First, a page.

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Re: [dom3core] getAttribute

From: Ray Whitmer <ray@personallegal.net>
Date: Thu, 1 Dec 2005 10:23:09 -0700
Message-Id: <BE556744-5A77-4631-9F06-0CE2721D71F8@personallegal.net>
Cc: DOM mailing list <www-dom@w3.org>
To: Curt Arnold <carnold@houston.rr.com>

On Dec 1, 2005, at 9:07 AM, Curt Arnold wrote:

> There is a legitimate end-user benefit for non-dominant browsers to  
> conform the de-facto behavior when it deviates from the spec.

It would be far more compelling and legitimate, in this case, for the  
dominant browser vendors to fix their browsers in upcoming releases,  
compelling page authors to confront the issue and solve it in their  
code in one of the easily-available techniques that would work on all  
browser versions: "We made a mistake, here is the work-around".

I would think they could have some sort of check box for maintaining  
non-compliant behavior, making it quite clear to web authors that  
they should fix their pages to be standard-compliant, if they have  
not, so web authors are given a clue that the behavior is not  
compliant but allowed to continue.

I would even not complain much if such a checkbox were checked by  
default as long as it says "web authors should uncheck this box". The  
web browser should be a tool for promoting good behavior, not broken  
behavior, because ultimately it is not an end-user benefit to  
encourage broken html, etc. This is no harder to deal with than  
similar compatibility solutions in the past.

> However, HTML browsers are only one class of apps that implement  
> the DOM spec.  If an errata was issued that made null a valid  
> return value for getAttribute, Java code that depended on the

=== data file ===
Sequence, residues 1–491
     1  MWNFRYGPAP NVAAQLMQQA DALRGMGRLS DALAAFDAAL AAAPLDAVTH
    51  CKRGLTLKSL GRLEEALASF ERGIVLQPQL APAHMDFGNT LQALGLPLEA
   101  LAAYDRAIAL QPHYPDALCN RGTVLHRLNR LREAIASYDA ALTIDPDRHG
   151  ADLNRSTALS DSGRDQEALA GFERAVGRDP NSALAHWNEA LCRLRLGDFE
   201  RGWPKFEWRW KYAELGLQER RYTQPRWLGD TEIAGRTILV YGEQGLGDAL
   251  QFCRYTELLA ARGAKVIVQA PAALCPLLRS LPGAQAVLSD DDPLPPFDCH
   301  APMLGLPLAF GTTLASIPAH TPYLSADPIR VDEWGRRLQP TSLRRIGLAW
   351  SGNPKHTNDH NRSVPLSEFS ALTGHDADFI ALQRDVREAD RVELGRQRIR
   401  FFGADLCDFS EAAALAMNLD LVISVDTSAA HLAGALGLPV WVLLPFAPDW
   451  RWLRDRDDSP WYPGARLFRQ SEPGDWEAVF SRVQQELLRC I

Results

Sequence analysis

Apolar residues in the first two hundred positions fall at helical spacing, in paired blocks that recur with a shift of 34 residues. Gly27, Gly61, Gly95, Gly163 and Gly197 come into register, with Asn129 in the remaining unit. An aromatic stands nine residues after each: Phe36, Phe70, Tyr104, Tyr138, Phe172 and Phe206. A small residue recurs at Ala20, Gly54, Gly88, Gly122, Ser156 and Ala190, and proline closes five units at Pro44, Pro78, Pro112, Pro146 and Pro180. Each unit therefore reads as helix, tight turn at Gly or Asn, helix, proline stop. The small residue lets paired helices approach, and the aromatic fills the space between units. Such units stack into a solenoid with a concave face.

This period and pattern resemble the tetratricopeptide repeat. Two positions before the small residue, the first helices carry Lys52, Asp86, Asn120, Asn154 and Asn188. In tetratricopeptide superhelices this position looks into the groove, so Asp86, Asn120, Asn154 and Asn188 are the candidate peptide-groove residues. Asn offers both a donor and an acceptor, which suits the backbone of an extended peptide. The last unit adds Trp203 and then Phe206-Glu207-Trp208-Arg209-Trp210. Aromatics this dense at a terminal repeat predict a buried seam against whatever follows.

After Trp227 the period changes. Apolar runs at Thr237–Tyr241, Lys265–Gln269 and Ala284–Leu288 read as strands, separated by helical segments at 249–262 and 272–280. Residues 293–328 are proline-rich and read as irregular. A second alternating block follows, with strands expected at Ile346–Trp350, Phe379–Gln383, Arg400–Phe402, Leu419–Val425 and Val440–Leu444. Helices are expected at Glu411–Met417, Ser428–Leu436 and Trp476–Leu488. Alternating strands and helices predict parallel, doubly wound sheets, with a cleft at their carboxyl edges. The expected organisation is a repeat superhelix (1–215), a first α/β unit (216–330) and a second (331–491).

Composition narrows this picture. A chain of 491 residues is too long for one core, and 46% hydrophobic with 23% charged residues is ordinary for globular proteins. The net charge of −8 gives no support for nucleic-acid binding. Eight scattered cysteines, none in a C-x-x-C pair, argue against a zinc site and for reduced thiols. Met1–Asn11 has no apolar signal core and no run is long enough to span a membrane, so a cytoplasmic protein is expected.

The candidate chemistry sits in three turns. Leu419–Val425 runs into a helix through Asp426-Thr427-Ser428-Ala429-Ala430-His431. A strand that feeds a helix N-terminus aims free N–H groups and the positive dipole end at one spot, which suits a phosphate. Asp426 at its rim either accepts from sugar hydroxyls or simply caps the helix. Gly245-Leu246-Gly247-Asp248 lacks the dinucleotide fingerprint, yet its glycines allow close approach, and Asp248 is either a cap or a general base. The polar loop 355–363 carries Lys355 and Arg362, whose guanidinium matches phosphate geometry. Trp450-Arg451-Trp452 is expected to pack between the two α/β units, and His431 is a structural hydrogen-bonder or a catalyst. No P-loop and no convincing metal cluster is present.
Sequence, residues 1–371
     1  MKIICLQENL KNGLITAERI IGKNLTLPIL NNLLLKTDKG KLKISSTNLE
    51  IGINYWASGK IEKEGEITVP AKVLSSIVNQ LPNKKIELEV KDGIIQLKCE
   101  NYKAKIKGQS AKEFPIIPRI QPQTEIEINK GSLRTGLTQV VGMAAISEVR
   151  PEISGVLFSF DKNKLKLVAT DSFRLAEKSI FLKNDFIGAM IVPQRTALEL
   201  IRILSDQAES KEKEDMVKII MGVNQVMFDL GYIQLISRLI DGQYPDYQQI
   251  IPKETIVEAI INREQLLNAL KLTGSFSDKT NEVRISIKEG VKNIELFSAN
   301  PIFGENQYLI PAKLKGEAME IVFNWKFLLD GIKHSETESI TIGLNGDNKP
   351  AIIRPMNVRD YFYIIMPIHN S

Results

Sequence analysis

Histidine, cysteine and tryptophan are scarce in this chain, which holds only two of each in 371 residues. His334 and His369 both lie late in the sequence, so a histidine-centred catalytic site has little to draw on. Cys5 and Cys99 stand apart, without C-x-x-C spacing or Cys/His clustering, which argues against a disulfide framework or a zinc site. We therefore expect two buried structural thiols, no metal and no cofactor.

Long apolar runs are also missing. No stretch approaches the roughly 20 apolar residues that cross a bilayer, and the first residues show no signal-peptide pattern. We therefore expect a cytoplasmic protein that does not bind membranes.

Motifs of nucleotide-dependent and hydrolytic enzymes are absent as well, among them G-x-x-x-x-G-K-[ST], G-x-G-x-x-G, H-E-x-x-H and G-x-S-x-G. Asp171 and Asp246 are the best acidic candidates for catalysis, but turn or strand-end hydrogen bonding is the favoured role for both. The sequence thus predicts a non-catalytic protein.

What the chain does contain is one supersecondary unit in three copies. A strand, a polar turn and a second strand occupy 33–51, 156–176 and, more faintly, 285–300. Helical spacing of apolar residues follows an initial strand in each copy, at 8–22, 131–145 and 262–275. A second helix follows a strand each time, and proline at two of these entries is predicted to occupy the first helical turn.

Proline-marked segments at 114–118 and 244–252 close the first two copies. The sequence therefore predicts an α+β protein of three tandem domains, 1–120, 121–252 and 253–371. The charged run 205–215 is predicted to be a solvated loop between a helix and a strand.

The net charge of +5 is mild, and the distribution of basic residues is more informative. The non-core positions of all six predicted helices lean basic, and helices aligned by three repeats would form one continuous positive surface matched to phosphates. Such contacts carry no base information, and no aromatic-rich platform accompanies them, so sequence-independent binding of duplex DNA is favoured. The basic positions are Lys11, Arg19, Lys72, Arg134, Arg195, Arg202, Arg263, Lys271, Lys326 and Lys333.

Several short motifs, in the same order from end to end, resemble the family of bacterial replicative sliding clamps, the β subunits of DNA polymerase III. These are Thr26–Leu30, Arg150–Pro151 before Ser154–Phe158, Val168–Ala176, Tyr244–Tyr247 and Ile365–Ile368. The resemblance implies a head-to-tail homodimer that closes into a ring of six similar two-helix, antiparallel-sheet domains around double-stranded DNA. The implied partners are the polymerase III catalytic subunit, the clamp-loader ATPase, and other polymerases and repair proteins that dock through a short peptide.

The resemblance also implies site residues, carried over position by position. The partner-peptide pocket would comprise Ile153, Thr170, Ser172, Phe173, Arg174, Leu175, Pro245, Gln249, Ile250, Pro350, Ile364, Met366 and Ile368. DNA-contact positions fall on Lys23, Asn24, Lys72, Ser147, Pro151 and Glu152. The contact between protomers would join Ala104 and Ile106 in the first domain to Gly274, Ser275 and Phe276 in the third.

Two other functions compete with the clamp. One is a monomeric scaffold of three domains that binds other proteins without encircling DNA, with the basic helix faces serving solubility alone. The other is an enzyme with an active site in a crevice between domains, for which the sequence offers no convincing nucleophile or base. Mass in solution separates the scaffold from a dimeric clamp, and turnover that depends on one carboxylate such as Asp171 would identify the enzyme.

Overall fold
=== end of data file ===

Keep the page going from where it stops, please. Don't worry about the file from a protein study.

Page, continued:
> behavior in the recommendation could break with a new comformant  
> Java implementation that decided to return null instead of empty.
> There may be some benefit from documenting where HTML+Javascript  
> implementations are known to deviate from the recommendation for  
> compatibility.  However, if something is done, it should be done in  
> a way that XHTML+Javascript or SVG+Javascript browsers are required  
> to follow the recommendation since there isn't a significant body  
> of existing script.

I would have no problem with the note saying that browser vendors  
have famously misimplemented the standard so web authors should avoid  
the call and get the functionality in another way.

It could be said the dominant browser implementors (especially those  
who participated in the process) have some obligation to do something  
more.  Promoting nonstandard content is not in the user's interest.

I think it might be possible, if done cleverly, to lead the way,  
while passing the tests and keeping the spirit of the standards.  If  
a special mode rejected broken HTML, etc. so much the better for web  
masters. If the mode were good enough, it could be more compelling  
still for web authors to use that browser as the exclusive test,  
besides IE -- start a real standards compliance competition and make  
it easier to distinguish between browser bugs and non-compliant content.

Perhaps the checkbox is not the best, but there should be some  
reasonable way to proceed if enough thought is given.

Ray Whitmer
Received on Thursday, 1 December 2005 17:23:30 UTC

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